Contracted tendons refer to a condition that is seen in very young foals. This is a condition that is present at birth and is an autosomal recessive genetic trait. It is one of the most common musculoskeletal problems seen in foals and can vary in severity from very mild to severe enough to prevent the foal from standing and nursing. Treatment and prognosis depend on the level of severity of this condition.
This is a congenital condition, appearing at birth. Those affected will be unable to bear full weight on the affected limb. The most common joints affected are the fetlocks and carpal joints, usually in the front legs. One or more joints may be affected and more than one leg can be affected. The joint will appear tightly flexed and the foal will be unable to straighten it.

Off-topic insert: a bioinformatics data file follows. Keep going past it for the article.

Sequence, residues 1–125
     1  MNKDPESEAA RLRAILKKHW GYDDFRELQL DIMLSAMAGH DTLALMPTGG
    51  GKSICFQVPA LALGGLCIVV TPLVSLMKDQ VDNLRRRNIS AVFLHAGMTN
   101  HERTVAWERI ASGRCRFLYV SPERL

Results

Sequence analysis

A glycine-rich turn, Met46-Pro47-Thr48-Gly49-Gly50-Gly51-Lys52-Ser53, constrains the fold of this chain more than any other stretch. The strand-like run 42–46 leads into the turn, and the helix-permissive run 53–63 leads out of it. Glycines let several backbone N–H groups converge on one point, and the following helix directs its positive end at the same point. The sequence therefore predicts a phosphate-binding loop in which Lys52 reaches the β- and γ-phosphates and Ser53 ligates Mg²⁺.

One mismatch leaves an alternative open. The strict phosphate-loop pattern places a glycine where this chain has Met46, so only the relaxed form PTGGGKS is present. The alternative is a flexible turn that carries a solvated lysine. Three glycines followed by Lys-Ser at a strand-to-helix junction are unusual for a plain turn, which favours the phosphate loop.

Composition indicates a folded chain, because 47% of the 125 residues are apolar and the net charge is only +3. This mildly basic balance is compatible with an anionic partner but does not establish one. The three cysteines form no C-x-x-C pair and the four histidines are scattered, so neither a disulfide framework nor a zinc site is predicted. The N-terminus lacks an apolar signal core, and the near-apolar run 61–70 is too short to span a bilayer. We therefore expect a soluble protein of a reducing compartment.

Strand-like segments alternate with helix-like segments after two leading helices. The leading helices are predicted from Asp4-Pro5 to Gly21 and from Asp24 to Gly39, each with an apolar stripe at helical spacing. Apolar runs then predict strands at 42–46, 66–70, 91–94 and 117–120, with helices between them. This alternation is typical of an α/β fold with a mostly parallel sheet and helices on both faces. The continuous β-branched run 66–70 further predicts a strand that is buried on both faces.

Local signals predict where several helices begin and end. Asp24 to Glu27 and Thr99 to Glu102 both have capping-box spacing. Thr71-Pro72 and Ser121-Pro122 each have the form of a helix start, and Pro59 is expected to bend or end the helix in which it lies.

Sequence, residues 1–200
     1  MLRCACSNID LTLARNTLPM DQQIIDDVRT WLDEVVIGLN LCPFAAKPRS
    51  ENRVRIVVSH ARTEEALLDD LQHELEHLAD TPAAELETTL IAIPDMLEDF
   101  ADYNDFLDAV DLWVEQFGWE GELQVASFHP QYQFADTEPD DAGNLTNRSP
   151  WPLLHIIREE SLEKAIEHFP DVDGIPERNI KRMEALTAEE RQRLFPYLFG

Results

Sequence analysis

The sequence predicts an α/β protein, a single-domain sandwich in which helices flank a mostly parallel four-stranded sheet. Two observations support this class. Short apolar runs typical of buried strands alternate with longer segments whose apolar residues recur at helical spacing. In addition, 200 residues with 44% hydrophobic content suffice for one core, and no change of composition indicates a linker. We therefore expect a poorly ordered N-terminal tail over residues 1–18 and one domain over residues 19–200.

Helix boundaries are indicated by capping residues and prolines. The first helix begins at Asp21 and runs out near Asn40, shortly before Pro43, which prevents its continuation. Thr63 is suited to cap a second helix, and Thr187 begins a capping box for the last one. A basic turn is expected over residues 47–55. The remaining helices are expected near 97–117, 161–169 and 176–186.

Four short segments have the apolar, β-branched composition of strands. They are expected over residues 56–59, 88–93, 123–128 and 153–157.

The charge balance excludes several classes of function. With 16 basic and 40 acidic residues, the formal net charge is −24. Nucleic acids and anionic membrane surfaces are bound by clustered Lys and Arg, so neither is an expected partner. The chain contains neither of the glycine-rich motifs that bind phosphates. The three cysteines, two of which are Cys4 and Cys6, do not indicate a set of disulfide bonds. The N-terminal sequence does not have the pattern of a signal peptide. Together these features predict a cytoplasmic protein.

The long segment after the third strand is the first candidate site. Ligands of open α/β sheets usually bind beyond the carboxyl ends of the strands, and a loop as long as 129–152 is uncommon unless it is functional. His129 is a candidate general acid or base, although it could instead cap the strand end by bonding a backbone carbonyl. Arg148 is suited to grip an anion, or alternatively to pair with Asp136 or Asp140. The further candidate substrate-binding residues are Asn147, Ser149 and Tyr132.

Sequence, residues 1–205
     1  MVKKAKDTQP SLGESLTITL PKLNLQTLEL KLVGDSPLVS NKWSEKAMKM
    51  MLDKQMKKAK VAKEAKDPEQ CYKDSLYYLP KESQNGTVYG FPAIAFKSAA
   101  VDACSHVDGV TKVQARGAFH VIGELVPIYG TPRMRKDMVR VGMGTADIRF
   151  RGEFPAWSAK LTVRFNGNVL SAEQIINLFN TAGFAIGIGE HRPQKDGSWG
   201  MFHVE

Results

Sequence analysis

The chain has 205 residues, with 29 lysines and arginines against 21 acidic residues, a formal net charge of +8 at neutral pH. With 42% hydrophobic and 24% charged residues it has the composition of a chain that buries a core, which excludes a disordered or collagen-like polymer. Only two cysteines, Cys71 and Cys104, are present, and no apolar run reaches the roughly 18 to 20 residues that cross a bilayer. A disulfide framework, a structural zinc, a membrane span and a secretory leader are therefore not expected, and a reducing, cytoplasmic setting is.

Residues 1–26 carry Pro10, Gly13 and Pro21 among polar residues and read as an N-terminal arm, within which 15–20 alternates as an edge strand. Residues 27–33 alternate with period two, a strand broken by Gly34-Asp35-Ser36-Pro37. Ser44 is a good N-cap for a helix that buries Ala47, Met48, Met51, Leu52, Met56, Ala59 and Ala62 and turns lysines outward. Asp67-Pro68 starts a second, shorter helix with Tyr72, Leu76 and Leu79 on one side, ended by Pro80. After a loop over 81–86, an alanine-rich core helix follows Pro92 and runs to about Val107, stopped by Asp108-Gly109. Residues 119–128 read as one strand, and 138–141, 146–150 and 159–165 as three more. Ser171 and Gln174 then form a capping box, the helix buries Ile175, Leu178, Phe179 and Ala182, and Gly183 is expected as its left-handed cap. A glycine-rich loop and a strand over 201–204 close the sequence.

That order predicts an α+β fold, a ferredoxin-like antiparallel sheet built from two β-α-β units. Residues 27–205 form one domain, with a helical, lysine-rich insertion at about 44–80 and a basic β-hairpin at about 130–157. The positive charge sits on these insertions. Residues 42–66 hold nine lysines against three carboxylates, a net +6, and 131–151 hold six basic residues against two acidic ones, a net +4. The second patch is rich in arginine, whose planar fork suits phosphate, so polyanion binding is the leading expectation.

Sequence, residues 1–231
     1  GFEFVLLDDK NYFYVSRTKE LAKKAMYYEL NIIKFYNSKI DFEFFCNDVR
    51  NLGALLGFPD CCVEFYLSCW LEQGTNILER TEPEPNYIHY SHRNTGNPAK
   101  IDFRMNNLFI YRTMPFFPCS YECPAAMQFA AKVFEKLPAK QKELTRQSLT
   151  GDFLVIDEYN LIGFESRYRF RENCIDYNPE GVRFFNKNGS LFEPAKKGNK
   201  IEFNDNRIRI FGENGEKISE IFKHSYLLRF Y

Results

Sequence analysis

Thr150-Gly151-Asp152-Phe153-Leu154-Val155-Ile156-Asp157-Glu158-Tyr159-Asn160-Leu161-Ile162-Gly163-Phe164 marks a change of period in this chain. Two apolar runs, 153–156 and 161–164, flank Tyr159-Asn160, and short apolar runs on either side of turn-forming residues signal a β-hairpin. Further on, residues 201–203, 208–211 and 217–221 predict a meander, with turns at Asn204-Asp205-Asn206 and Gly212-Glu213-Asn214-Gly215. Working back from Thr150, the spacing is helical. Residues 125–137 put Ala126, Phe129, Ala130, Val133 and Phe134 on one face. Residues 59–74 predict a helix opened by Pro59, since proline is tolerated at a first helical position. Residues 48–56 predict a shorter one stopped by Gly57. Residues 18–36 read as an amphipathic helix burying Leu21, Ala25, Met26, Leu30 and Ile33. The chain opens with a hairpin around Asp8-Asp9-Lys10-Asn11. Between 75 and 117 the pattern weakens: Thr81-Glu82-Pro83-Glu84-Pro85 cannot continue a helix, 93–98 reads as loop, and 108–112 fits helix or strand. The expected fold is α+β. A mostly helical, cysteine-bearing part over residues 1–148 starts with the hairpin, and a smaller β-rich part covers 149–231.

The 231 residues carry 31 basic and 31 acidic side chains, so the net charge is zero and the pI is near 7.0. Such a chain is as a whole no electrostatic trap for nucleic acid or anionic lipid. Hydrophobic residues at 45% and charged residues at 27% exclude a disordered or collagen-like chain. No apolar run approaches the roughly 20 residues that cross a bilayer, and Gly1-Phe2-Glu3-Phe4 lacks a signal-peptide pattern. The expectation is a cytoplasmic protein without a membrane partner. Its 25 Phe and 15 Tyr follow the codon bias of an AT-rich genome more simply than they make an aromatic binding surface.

This condition is due to an autosomal recessive trait, meaning that it is genetic, but is not sex-linked. Position of the fetus in utero may also contribute to this condition.
Although this condition is visibly obvious, it is still important for the affected foal to be seen by an experienced equine veterinarian. X-ray images will show a detailed picture of the exact nature of the deformity, allowing your veterinarian to determine if other musculoskeletal problems are present.
A type of instrument that is used to affix parts of the body that might normally move; used to promote healing.
The prediction of a disease’s outcome in advance
The name for the species of horses, donkeys, mules
Anything that looks different from what is considered to be normal and healthy for that species
Inside the uterus